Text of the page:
Synoptic Meteorology ATSC 5160
Popular in Course
Popular in Atmospheric Science
This 6 page Class Notes was uploaded by Tony Bode on Tuesday October 27, 2015. The Class Notes belongs to ATSC 5160 at University of Wyoming taught by Bart Geerts in Fall. Since its upload, it has received 29 views. For similar materials see /class/230349/atsc-5160-university-of-wyoming in Atmospheric Science at University of Wyoming.
Reviews for Synoptic Meteorology
Report this Material
What is Karma?
Karma is the currency of StudySoup.
Date Created: 10/27/15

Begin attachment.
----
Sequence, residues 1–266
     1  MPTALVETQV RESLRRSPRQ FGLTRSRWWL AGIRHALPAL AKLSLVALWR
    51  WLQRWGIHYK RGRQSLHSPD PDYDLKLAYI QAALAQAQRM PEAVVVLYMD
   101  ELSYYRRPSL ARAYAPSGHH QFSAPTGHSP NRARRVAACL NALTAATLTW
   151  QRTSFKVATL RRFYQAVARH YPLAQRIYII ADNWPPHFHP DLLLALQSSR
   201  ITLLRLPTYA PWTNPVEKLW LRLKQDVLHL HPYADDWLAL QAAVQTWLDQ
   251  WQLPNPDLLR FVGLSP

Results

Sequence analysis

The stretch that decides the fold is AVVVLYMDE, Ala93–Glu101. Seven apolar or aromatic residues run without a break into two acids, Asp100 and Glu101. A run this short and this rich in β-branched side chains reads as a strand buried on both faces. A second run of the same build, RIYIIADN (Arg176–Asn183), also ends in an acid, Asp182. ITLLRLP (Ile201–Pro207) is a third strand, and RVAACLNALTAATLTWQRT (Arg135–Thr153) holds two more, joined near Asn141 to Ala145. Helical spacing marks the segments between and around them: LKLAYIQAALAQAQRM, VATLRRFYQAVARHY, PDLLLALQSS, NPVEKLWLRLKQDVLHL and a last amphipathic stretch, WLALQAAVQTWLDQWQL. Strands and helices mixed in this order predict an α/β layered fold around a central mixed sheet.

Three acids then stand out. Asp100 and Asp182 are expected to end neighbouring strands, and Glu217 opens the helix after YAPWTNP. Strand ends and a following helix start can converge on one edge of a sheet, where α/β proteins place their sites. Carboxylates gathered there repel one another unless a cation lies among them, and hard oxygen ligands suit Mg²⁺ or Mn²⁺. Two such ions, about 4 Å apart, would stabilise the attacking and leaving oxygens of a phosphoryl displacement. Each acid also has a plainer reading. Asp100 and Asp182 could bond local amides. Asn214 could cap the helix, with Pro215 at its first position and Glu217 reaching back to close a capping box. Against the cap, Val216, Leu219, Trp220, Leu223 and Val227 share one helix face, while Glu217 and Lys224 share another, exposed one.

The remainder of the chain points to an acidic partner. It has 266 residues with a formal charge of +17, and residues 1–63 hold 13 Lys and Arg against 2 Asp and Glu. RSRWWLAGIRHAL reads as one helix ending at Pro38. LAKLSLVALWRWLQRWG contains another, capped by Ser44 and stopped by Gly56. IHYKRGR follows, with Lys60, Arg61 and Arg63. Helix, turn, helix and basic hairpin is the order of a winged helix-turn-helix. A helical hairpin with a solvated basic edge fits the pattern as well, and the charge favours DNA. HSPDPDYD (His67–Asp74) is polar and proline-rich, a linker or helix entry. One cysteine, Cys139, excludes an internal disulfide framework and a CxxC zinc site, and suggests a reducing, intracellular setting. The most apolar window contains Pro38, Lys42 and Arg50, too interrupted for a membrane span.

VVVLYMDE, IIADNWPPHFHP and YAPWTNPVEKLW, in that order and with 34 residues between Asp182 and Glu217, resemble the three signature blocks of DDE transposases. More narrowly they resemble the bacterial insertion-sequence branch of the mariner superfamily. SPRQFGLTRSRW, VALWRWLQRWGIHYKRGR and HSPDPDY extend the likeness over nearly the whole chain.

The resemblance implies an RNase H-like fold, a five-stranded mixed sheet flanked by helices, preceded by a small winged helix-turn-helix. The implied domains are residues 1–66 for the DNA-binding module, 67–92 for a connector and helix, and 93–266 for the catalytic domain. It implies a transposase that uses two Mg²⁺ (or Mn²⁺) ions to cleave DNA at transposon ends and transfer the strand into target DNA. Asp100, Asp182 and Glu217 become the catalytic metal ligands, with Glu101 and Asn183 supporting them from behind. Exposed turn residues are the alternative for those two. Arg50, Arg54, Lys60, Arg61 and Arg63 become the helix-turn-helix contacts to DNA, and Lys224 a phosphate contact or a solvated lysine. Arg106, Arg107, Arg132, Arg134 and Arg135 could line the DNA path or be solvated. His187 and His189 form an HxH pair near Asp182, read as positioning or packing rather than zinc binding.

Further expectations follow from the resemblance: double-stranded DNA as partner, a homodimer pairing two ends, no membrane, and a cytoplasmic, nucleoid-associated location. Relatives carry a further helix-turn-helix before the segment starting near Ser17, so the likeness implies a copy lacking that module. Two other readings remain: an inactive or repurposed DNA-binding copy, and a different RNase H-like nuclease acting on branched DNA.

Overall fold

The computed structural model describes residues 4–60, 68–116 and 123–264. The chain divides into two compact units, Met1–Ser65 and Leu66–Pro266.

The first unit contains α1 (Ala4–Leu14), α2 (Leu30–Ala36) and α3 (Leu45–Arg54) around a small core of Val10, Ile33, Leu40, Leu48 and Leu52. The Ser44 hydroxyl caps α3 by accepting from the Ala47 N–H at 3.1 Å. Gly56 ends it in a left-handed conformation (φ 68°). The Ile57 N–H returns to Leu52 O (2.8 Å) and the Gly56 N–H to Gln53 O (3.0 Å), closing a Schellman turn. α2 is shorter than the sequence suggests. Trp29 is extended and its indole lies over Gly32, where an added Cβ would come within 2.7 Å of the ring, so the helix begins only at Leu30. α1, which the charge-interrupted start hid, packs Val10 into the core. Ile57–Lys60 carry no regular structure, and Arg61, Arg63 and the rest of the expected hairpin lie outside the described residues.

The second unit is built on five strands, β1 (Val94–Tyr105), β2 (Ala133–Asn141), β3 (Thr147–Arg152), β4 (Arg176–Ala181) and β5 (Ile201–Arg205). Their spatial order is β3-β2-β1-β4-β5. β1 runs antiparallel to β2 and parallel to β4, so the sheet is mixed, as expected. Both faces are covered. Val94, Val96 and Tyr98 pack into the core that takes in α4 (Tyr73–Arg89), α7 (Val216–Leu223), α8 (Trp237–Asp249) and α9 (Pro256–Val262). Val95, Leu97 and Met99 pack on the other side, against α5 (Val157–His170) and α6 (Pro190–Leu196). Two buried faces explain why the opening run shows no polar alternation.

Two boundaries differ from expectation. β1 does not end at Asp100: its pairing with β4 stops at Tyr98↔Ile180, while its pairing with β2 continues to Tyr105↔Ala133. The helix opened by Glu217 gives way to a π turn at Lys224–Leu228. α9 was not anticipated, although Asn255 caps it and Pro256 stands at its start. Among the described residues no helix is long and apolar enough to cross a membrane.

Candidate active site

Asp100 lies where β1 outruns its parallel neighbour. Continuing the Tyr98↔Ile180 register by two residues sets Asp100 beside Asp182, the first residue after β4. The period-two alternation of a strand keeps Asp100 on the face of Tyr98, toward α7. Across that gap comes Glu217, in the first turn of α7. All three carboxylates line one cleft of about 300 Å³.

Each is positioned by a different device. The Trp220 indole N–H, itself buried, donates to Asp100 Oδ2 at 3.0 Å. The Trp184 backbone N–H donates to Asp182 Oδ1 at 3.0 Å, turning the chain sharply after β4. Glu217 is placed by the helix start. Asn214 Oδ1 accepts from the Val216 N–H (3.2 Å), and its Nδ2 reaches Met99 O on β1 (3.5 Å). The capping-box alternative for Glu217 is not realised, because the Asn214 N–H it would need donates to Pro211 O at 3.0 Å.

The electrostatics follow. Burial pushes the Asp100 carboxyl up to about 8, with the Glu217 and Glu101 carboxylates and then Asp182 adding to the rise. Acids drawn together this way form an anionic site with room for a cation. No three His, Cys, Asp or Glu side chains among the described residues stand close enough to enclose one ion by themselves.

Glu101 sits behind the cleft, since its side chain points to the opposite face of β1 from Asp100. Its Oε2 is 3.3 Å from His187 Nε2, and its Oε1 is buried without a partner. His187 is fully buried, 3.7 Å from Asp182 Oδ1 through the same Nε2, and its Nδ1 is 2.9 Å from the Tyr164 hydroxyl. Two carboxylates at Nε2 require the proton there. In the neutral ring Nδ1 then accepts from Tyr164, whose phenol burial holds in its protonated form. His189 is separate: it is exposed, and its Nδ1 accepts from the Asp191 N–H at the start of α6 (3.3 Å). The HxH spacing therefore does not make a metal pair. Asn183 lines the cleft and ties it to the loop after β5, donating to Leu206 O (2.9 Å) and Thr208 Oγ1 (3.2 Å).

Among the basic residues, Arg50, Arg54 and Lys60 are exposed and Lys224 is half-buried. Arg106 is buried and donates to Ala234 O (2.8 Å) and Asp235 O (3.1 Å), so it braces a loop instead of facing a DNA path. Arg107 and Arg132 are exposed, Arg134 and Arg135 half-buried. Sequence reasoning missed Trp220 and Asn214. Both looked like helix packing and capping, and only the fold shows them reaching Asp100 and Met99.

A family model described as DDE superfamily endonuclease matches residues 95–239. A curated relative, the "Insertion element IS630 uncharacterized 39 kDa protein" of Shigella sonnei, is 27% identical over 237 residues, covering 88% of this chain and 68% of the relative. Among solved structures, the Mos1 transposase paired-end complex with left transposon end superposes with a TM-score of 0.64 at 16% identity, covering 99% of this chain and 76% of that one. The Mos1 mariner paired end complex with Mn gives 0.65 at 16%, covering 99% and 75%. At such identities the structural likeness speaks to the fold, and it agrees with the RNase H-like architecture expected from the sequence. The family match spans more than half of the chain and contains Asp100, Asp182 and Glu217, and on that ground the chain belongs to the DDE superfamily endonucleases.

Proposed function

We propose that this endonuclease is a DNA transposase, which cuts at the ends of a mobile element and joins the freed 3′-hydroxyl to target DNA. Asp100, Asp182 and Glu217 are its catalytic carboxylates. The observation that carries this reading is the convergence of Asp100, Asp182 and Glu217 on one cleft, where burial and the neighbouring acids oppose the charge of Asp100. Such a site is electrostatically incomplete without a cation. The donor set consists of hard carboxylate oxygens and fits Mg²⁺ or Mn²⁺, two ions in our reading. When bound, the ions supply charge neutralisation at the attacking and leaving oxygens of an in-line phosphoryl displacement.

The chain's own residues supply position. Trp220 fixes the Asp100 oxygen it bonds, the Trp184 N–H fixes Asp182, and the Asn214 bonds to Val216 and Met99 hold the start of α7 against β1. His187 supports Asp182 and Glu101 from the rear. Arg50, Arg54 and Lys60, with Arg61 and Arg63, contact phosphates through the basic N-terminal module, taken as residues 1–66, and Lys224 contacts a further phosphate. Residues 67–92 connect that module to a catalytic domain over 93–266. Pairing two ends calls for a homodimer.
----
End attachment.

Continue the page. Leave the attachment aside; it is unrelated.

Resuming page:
Undergraduatelevel survey of the General Circulation of the Atmosphere This is a brief summary For an easyto read text you may consult a textbook eg Ackerman and Knox 2003 Chapter 7 or Wallace and Hobbs 1977 Chapter 9 more advanced 1 De nition The hemispheric or global circulation typically averaged for a period of one month or longer 2 Surface or lower atmosphere 1 4 Pressure zones A The Equatorial Trough or ITCZ latent heat release in the ascending convection produces the low also heat lows over summer subtropical continents like the Sonora low Sahara low Pakistani low NNV Australia Paraguay B The Subtropical High the horse latitudes BermudaAzoresNorthPacific southern oceans 30 N or S mainly over the oceans in summer warm High subsidence produces the surface divergence subsidence heating is offset by radiational cooling C The Arctic Low Icelandic Aleutian 60 N mainly over the oceans in winter cold core and therefore deep vertical structure graveyard of baroclinic systems resulting in surface convergence ofthe air currents from the north Pole and from the subtropical High D The Polar High the Arctic ocean in summer Antarctica yearround boreal winter continents cold core and therefore quite shallow very stable baroclinic disturbances generally ride along the edge 2 3 Prevailing most frequent lowlevel wind zones A The tropical easterlies or trade winds the winds with an east component NE E SE winds B The temperate middle latitude westerlies C The polar easterlies 3 Scell meridional circulation A Hadley cell low latitude equator to 30 degree latitudes thermally direct driven by deep convection strongest in the summer hemisphere B Ferrel cell middle latitude 30 to 60 degree latitudes weak thermally indirect meridional eddies transport heat poleward C Polar cell high latitude 60 degree latitudes to poles expanding over the winter boreal continents thermally direct but shallow 5 Causes of surface pressure variation think of SLP as the vertical integral of air mass ie temperature per unit area A Winter The ocean surface is relatively warm com pared to the nearby land at the same latitude The warmer ocean surface supports lower SLP The shallow cold highs have a high SLP because of the low verticallyintegrated temperature But cold air is so thin that the 500 mb height is low B Summer The ocean surface is relatively cool compared to the nearby land at the same latitude especially in the lowest 13 km The result is offshore high pressure Subsidence occurs above these subtropical highs making the air above the trade wind inversion as warm as that over adjacent land Very stable conditions 6 The permanent centers of action A The subtropical Highs both Pacific High and Bermuda High eXist yearround but they intensify in summer due to the relatively cooler ocean surface air that subsides aloft sustaining the surface divergence B The highmidlatitude lows are most persistent yearround around Antarctica supporting strong circumpolar westerlies over the southern ocean 7 The semipermanent centers of action A The Arctic Lows both Aleutian and lcelandic Lows B The Arctic Lows weaken and even disappear in summer 8 The seasonal variations of the strength of the centers of action A The subtropical Highs A Summer strengthen expand and their centers move over the ocean and poleward to about 40 N or S following the poleward migration ofthe zenithal sun B winter weaken shrink and their centers displace toward land and the equator about 20 N or S following the southward migration ofthe sun B The Arctic Lows A Summer weaken or disappear relatively cool oceans favors the formation ofthermal Highs and thus weakens the Lows thermal effect B Winter intensify vorticity sustained by advection of maturedecaying baroclinic systems 3 Middle and Upper Atmospheres 700 mb and higher 1 3 pressure or elevation on an isobaric surface zones A The equatorial Low up to 700 mb B The subtropical High 700 mb esp in summer over land eg Sahara producing an easterly jet at 700 mb thermal wind warmer at 2025 than at the equator A The subtropical High slopes equatorward toward the ITCZ as the elevation increases At 300 mb the ridge is over the ITCZ a The mean location of the surface subtropical High 30 N over oceans b The mean location of the 500 mb subtropical High 25 N over land B The subtropical High becomes a continuous ridge instead of separating into the Hawaiian and the Bermuda Highs C The polar Low the circumpolar vortex center The surface polar High is replaced by a Low at the 700 mb and higher levels because the cold air is associated with an upper level low lower thickness In winter the low center moves with increasing height from the oceans eg Iceland to the eastern boreal continents E Siberia E Canada 2 2 prevailing wind zones A The tropical easterlies South ofthe subtropical High to the equatorial Low In summer easterlies are found up to 30 near the surface and up to 10 at 200 mb B The polar westerlies A The circum polar vortices B From the subtropical High to the North Pole C The 1000300 mb cold air towards the poles ampboreal continents in winter establishes an upperlevel polar Low The lowlevel warm air in the south the subtropical warm Highs establishes an upperlevel High the hydrostatic equation D Stronger UL westerlies in winter than in summer the lowlevel horizontal temperature gradient is greater in winter than in summer E The westerlies expand toward the equator in winter and shrink toward the North Pole in summer following the seasonal migration ofthe sun 3 The Arctic Low A Slopes upward toward the North Pole Cold air column is associated with an upper Low the hydrostatic equation B Mean location of the surface Arctic Low 60 N or S C Location ofthe 700 mb or higher Arctic Low in summer the Pole 4 Long waves or Planetary waves quasistationary A Wavelength gt5000 km Wavelength the distance between two subsequent ridges or troughs determined by the contours on an isobaric surface B 3 mean winter Rossbywave troughs A The eastern North American seaboard 80 W From the Hudson Bay to the east coast of N America B strongest The eastern Asiatic coast 140 E over Japan C weakest The east Mediterranean sea 50 E C Causes ofthe three troughs A Troughing in lee ofthe Tibet Plateau and the Rocky mountains PV conservation B Strong horizontal temperature gradient between ocean warm boundary current and continent 6 Long wave A Stationary slowspeed B Responsible for weekly or monthly weather variations Examples heat wave flood or drought lasts for a week or longer 7 Short waves A Wavelength 1000 km 9 most obvious in the vorticity field B propagate with the flow only slightly slower C causes departures from geostrophic balance This in turn produces ageostrophic flow including vertical motion even though the atmosphere generally is stably stratified This ageostrophic flow attempts to restore geostrophic balance Vertical motion is responsible for daily weather variations 8 Jet Stream A A fastmoving upperlevel air current strong wind con ned vertically by a rapid reversal of temperature gradient sloping tropopause and horizontally by a sharp LL temperature gradient front The wind speed generally exceeds 30 ms at the SOOmb level B The thermal wind theory A The upperlevel height gradient is determined by the lowlevel horizontal temperature gradient the hydrostatic equation B A strong lowlevel horizontal temperature gradient creates a strong upperlevel height gradient and hence strong wind ajet stream C A westerly jet separated the cold air to the pole and the warm air to the equator D An easterlyjet separates the warm air poleward from cooler air equatorvvard in the tropics E Confluence Theory for frontogenesis over the ocean proposed by Namias and Clapp For instance the north Atlantic A cold air advection from northwest around the Icelandic Low sometimes continental polar coldair outbreaks B warm air advection from southwest diverging from the Bermuda High C confluence leads to frontogenesis between the High and the Low polar front resulting a strong wind zone in the upper level Small perturbations may amplify cyclogenesis they usually mature before they reach W Europe F Types of Jet A The polar front Jet mean location 47 N 35 to 60 N jet core the elevation ofthe highest wind speed 250300 mb occurs all year round but strongest in winter and near eastern shores of2 boreal continents discontinuous unsteady variable often high vorticity in trof of on cyclonic shear side Cgtf associated with a surface polar front is distorted in association with LL cyclogenesis and coldwarm advection tropopause sloped or folded middlelatitude tropopause much higher than the polar tropopause B V The subtropical jet mean location 27 N 20 to 35 N jet core 150 mb occurs in winter only lack of strong horizontal temperature gradient in the lower atmosphere in summer north of a subtropical High near a weaker tropopause slope aloft often merged with the polar jet esp on the east side ofthe large continents 9 Palmen and Newton39s General Circulation Model A The tropopause is broken into 3 sections A Tropical tropopause 1618 km sharply defined esp above the lTCZ B Middle latitude tropopause 12 km C Polar tropopause 68 km becomes illdefined in winter polar night westerly jet near 20 km B The subtropical jet gap between the tropical and middlelatitude tropopauses C Polar frontjet A The gap between the middlelatitude and polar tropopause B The polar front extends to the ground surface from thejet core observations indicate that front is weak above 800 mb and below the tropause fold 10 Conservation of absolute vorticity wave patterns of air ows A Absolute vorticity relative vorticity Coriolis parameter constant if DV0 B Vorticity the tendency of an air parcel to rotate in the same direction as the earth positive vorticity C Relative vorticity shear vorticity curvature vorticity D Conservation of absolute vorticity can be used to explain Rossby waves restoring force 3 A northerly equatorvvard flow feels decreasing plan vort leads to increased relative vorticity B An air parcel tends to change from clockwise circulation to counterclockwise circulation The air parcel changes the direction moving backtoward north 11 Vanishing storms over the Rocky Mountains lee cyclogenesis A conservation of the potential vorticity Absolute vorticityDepth of an air column constant A A ridge tends to generate or intensify over a large mountain due to the shrinking of the air column B A trough tends to generate or intensify in the lee of a large mountain due to the stretching of the air column B The Great Plains Alberta Colorado cyclogenesis cyclone formation or intensification 4 Trade wind Inversion 1 Most intense in the east part ofa subtropical high Hawaiian High for example A San Francisco in summer or Concepcion Chile orWalvis Bay Namibia A Average inversion base height 500 m B Average inversion magnitude inversion top temperature inversion base temperature 1015 C B closer to the lTCZ eg Honolulu A Average inversion base height 2000 m B Average inversion magnitude 5 C 2 Causes A Compressional heating due to the subsidence sinking of the upper level air originating from the equator B Cool surface marine layer A Cold ocean current travels from north to south B Upwelling a Rising of ocean water from below b Ekman spiral Ocean surface water ows to the right left of alongshore equatorward winds resulting in flow away from the continent inducing the rising of ocean water from below to replace the offshore surface transport